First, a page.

The current worldwide COVID-19 pandemic caused significant limitations or educational organizations; specifically, multiple colleges, schools, and universities switched onto an online mode. These days the educational systems are quite elaborate; thus, not each student can perceive its programs, especially, it is complicated for those who are non-resident (Calma, 2020). As a result, they are challenged by online learning because of the language barrier, lack of resources and support.
The pandemic makes it difficult for international students to adapt both at school and home. It is especially critical for refugee students who have poor language skills. They claim that the main disadvantage is the language barrier, which does not allow them to perceive the material. Since online programs like Zoom or Microsoft Teams tend to lag due to poor communication, the professor’s speech becomes barely distinguishable. Therefore, such classes differ from offline ones where a teacher could explain some new notions. International students notice that the language barrier is the main reason they do not quickly get involved in the process (Harper, Zhu, and Kiyama, 2020). Consequently, these circumstances make them feel unsure, and they cannot deal with pressure.
Despite the fact that new online educational programs try to serve every student equally, the problems associated with providing support remain noticeable. The new online apps have successfully managed the process of adapting to online lectures and seminars, while they still cannot process submission documents (Halkic and Arnold, 2019). In addition, no individual educational assistance is provided during online courses (Moody, 2019). As a result, while international students fail to enter different college and university programs, institutions lose the talents and diversified perspectives these students can offer.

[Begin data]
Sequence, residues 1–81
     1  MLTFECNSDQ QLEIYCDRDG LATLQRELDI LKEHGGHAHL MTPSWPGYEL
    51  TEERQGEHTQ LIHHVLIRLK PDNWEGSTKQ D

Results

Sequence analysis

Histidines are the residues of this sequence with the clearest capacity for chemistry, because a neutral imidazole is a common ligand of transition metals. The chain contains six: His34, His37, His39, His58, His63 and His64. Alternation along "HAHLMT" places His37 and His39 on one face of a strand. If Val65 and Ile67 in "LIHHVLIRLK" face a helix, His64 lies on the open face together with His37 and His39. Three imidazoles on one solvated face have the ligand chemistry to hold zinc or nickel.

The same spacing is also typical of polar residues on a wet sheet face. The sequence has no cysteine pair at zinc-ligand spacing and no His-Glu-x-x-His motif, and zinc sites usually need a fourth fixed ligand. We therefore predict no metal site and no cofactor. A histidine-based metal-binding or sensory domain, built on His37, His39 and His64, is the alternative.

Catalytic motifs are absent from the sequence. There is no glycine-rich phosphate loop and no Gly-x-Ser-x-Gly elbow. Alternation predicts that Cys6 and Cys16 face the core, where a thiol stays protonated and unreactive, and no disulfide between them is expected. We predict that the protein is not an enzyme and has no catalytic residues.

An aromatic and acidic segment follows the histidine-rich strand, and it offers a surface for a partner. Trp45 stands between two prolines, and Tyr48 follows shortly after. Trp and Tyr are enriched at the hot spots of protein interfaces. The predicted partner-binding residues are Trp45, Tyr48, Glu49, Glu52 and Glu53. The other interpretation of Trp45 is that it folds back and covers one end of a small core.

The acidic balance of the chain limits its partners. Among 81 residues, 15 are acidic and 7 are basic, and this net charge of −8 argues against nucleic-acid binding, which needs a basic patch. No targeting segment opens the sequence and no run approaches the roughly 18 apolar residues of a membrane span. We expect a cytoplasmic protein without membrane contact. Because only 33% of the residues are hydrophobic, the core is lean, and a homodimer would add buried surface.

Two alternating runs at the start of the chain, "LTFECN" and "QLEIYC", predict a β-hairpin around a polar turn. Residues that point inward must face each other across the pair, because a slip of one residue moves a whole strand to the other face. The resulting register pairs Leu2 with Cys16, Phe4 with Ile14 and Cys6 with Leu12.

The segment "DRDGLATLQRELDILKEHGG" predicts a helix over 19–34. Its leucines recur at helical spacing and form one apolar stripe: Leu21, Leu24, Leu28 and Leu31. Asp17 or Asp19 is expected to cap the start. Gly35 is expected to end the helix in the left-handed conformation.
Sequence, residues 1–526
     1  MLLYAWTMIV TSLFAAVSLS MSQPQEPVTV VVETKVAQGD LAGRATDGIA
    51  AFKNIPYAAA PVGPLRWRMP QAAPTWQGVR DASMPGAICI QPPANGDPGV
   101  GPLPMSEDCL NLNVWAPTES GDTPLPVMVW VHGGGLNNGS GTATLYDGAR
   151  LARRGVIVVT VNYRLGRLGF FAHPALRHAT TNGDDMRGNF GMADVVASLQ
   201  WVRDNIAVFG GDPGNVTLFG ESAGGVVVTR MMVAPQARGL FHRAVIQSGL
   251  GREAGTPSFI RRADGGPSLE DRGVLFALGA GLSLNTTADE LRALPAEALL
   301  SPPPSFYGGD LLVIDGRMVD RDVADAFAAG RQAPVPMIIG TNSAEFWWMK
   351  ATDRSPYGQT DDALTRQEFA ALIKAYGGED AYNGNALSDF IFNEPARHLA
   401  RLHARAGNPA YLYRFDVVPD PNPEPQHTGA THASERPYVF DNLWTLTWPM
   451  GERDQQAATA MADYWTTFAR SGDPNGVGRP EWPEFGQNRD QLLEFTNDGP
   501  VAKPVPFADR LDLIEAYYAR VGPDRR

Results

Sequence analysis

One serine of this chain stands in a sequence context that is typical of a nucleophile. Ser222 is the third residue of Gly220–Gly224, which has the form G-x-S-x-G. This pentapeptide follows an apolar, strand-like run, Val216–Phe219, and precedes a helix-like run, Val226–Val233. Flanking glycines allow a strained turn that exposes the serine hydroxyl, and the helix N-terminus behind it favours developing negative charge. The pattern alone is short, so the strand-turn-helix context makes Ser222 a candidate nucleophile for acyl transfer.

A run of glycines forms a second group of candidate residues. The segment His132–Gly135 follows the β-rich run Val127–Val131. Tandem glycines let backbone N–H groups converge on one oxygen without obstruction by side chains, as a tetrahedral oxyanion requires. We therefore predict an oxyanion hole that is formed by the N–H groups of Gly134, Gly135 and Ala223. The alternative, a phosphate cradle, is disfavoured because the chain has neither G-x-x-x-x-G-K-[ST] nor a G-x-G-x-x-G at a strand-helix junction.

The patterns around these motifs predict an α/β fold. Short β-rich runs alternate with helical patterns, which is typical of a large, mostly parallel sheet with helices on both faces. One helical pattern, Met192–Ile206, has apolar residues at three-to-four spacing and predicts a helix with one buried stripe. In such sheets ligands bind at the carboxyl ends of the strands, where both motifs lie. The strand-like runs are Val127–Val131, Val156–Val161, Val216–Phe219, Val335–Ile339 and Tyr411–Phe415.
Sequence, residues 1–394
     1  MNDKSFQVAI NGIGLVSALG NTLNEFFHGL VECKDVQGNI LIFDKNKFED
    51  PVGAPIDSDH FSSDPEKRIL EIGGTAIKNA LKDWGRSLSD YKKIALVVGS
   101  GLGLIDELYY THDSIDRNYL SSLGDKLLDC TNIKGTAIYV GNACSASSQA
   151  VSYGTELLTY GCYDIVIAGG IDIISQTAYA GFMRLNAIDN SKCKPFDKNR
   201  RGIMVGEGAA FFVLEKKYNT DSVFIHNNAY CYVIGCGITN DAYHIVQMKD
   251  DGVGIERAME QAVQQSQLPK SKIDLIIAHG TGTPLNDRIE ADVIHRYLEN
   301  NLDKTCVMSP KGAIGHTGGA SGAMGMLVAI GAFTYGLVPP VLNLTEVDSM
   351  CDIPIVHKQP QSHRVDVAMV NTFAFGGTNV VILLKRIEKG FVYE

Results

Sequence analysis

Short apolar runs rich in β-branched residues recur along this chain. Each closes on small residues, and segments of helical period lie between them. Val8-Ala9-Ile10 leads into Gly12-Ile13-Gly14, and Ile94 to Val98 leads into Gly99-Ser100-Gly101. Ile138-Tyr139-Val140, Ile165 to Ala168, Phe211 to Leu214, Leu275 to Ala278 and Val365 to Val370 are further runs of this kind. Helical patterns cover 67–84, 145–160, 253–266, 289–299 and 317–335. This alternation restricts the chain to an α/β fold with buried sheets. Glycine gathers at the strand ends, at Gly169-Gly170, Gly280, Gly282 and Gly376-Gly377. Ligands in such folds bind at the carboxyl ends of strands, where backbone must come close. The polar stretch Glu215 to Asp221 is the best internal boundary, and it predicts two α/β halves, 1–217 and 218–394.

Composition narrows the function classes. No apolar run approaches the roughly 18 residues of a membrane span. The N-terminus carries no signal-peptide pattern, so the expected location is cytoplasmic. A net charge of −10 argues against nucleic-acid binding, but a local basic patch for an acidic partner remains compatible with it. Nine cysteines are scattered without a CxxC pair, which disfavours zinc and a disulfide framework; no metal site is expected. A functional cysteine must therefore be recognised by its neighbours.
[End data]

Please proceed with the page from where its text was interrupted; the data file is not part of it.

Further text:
Another major issue connected with online education first-gen students encounter is related to accommodation. When entering educational organizations, many international students choose to live in the dormitory as they merely do not have any other place to live in (Fischer, 2019). Once the coronavirus cases gained momentum, institutions evicted their students to avoid any risk. As a result, refugee families had to have additional expenses for accommodation. Besides, they have to maintain themselves financially and keep on studying.
Apart from the lack of financial resources, the first-generation student may experience a digital gap. They tend to have less access to fast internet connections or acquire devices necessary for online classes (Fischer, 2019). Moreover, some mention that some programs are not free of charge and they have to buy them paying their own money. The other problem is that they lose the opportunity of practicing their skills in familiar surroundings. For instance, nurses spent much time with real people in clinical settings; however, they deal with simulated patients.
In conclusion, it seems reasonable to state that the global pandemic has caused numerous difficulties in various life spheres. Educational systems did not stand aside and were forced to switch to online mode making international students’ lives more complicated. Due to the language barrier, lack of digital and financial resources, and support, first-generation students and their families are still struggling to find ways of receiving a high-quality education.
Calma, Justine. 2020. “Going Remote Makes It Harder for Colleges to Reach First-Generation Students.” The Verge. Web.
Fischer, Karin. 2019. “Covid-19 Robs First-Generation Graduates — and Their Families — of a Meaningful Milestone.” The Chronicle of Higher Education. Web.
Halkic, Belma, and Patricia Arnold. 2019. “Refugees and Online Education: Student Perspectives on Need and Support in the Context of (Online) Higher Education Learning.” Media and Technology 44 (3): 345-364.
Harper, Casandra, Zhu, Hao, and Judy Marquez Kiyama. 2020. “Parents and Families of First-Generation College Students Experience Their Own College Transition.” The Journal of Higher Education 91 (4): 540-564.
Moody, Josh. 2019. “What to Know as a First-Generation College Student.” U.S. News. Web.